Extra cleaning with no reward


Nov. 12, 2021, 1:13 p.m. | By Celine Wu | 3 weeks, 5 days ago

A day in the life of a building service worker


Photo: Building service worker Ibrahim Kargbo cleaning in the night shift (Image courtesy of Celine Wu).


Building service worker Ibrahim Kargbo works in the night shift along with five other workers. He checks in at 2:30 p.m. every weekday. He cleans his section and covers for fellow coworkers who are unable to work that day. For every classroom in his section, Kargbo changes the trash; tidies the room; sweeps the floor; picks up the chairs and disinfects the desks, promethean boards, materials, etc. It will be another nine long hours before he clocks out.

Even though these acts may seem insignificant, building service workers are a critical aspect to the success of Blair. However, with the already busy schedule and the additional responsibilities due to COVID-19, the job seems nearly impossible. 

Kargbo is insistent on finishing his assignments every day, no matter how long it takes. He makes sure to complete half of his work before dinner, knowing that there is additional disinfecting work to be done. After dinner, he finishes his preliminary cleaning and disinfects each room with a spray gun so that students have clean classrooms the next day.

In addition to their regular responsibilities, the service staff face additional ones this year as Building Service Manager Alain Perron explains. For instance, everyone has to clean their designated section and disinfect the touchpoints and students' desks due to COVID safety policies. 

Perron explains how the expectations for cleanliness have remained the same even with additional work and no increase in pay. "The challenge that we have is that we're expected to provide the same quality of service with additional areas to clean and additional work to do," Perron says. "We are getting paid the same, for more work."

Kargbo also feels the additional stress from the increase in work. However, because he wants to keep the students safe, Kargbo feels the pressure to complete all of his cleaning tasks, even though there is more work than in previous years. "There's no alternative. We just have to do what we have to do, which is tough," Kargbo says.

Furthermore, Perron isn’t allowed to hire more staff to help lighten the workload despite Principal Renay Johnson's strong advocacy. The number of building service workers is based on square footage of the building, without consideration of portables or the student density. "I have tried getting additional staff and we've been turned down every time," Perron says.

Despite all of Kargbo's efforts to keep the school safe and clean, he doesn't feel that the school appreciates him. "Without us, this building would not be the same. [Students] would not have a clean environment to come into. I don't think that sometimes some people think about that. Some of them don't even care if we exist or not," Kargbo says.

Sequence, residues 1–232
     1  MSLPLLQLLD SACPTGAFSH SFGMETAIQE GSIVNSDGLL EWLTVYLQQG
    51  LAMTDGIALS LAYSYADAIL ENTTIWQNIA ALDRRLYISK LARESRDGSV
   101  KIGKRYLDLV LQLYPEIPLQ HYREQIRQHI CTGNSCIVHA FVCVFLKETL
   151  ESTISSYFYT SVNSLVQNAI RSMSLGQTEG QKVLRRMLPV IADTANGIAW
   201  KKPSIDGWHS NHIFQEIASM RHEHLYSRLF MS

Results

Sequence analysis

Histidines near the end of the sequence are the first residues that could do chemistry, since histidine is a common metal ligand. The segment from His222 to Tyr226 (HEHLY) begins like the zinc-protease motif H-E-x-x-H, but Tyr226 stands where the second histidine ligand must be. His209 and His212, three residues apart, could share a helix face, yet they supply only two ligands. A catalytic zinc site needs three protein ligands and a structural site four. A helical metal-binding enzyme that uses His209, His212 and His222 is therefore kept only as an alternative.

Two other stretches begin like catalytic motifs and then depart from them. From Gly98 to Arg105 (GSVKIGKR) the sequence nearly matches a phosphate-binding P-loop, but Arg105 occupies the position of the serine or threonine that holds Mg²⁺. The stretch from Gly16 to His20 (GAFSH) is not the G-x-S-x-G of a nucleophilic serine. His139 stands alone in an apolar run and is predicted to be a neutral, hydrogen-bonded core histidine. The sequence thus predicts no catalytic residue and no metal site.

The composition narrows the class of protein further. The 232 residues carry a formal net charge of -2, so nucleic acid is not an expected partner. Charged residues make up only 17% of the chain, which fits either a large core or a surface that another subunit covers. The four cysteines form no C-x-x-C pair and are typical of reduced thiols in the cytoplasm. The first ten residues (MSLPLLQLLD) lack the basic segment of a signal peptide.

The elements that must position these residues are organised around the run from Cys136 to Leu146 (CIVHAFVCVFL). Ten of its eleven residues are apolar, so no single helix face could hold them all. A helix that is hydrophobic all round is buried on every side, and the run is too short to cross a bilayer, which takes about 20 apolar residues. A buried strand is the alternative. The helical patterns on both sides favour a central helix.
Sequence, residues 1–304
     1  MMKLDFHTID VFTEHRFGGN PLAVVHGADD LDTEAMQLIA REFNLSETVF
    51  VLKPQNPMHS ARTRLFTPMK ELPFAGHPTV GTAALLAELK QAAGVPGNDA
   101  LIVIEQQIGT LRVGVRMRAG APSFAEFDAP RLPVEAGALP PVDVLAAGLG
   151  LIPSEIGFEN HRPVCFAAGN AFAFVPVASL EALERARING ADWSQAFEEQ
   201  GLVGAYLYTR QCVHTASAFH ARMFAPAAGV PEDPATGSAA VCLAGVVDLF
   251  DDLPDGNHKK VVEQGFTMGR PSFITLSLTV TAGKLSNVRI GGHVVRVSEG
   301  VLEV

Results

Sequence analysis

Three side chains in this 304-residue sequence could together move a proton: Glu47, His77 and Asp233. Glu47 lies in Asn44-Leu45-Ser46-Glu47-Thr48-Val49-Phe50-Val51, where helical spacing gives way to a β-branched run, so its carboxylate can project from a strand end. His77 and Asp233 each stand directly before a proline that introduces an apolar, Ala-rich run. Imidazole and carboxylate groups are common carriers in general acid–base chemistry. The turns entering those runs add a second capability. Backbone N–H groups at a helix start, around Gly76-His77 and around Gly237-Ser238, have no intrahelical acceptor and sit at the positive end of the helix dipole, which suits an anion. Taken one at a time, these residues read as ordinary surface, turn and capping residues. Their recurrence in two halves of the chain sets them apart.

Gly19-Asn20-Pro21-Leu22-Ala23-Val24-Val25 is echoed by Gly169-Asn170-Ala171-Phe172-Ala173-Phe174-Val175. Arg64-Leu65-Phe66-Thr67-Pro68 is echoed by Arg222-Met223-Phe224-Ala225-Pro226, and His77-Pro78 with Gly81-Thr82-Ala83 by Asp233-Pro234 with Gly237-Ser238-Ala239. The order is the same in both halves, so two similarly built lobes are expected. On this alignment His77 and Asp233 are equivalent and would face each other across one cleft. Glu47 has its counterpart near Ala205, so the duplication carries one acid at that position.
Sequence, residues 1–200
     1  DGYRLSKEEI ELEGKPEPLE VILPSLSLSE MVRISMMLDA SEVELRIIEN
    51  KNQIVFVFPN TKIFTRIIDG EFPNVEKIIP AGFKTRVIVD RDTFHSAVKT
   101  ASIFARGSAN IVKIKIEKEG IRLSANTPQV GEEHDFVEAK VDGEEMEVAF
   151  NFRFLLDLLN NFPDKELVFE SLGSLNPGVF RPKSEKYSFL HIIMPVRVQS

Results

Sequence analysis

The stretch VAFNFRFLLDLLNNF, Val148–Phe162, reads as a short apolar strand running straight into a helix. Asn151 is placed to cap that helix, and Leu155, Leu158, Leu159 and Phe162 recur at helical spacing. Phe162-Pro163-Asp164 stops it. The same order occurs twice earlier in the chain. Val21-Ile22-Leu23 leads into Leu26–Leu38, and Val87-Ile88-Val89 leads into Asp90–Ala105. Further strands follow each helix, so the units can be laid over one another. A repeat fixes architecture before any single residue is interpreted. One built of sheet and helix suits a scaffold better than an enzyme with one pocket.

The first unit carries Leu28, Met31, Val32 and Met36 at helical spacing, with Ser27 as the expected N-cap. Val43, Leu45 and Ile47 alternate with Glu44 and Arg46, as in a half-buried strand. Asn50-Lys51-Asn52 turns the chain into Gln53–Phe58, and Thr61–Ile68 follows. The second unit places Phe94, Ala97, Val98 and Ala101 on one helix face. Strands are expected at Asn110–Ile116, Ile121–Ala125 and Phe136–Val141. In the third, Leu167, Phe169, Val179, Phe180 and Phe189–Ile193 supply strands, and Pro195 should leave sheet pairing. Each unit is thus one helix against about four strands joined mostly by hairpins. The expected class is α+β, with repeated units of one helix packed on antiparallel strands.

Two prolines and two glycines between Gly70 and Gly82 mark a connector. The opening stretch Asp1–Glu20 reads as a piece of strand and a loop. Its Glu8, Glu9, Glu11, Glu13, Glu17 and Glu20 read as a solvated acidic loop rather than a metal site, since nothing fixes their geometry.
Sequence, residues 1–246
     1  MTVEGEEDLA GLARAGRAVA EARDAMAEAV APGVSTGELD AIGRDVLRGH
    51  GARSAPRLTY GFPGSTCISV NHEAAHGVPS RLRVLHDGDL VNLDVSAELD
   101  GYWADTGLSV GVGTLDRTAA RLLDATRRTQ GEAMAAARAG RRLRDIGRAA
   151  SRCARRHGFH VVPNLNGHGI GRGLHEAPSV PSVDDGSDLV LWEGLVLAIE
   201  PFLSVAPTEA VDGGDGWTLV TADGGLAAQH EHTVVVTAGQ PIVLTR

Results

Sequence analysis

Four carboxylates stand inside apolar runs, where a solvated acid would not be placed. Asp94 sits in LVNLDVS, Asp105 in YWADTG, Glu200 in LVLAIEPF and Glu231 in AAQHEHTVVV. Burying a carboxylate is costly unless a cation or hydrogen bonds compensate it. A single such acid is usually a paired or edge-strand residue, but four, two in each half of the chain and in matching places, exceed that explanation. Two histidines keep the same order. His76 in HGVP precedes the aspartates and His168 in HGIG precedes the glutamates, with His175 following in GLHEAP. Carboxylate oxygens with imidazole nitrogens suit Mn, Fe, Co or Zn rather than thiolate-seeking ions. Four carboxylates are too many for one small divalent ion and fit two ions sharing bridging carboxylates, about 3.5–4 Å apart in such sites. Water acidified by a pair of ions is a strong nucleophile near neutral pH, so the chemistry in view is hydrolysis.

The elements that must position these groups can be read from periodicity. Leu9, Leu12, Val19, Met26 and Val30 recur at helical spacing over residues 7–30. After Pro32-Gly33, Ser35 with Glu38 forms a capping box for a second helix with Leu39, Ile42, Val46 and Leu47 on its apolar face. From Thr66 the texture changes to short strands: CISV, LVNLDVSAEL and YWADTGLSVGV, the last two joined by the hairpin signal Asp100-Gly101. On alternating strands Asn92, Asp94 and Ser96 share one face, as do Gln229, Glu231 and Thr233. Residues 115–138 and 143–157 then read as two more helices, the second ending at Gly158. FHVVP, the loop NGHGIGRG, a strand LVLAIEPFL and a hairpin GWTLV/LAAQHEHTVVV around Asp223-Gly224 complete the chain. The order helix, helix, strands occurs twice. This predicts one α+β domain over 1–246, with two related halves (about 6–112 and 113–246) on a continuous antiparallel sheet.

It is not just Kargbo that feels this way. Perron recognizes that the rest of his staff is treated in a similar way. "My staff getting the appreciation that they should get is important because they're the ones that are the rock stars. They're the ones that make the difference. They take a dirty building and turn it around every day and make it shine," Perron says.

To show more appreciation for the building service staff who spend many hard-working hours to clean the school, students should say "thank you" more often and help pick up trash — it’s a small thing, but it makes a huge difference.

Cleaning after ourselves is the simplest and most effective way of helping the building service staff. "If I go into a classroom and see all the chairs around and books on the floor, I have to take time to pick up all this stuff before I start sweeping," Kargbo says. Small acts such as putting the chairs up at the end of the day or picking up papers and recycling them can have a large impact.

If everyone contributes to keeping the building clean, the workload decreases for building services. "When we work as a team, [and] when the students and teachers do their own part, the job is easier for us, [and] we can make this building a safer environment," Kargbo says.

With such a demanding job, building service workers need us to help clean up the school. Don't be afraid to pick up a piece of trash in the hallway or during lunch. Every small action counts.

Last updated: Nov. 22, 2021, 10:05 a.m.


Tags: building services

Celine Wu. Hi everyone! My name is Celine, and I am a junior staff writer. I play volleyball for high school and MetroVBC. In my free time, I solve logic puzzles and play with my two fat cats. I also bake cakes for profit; my most popular … More »

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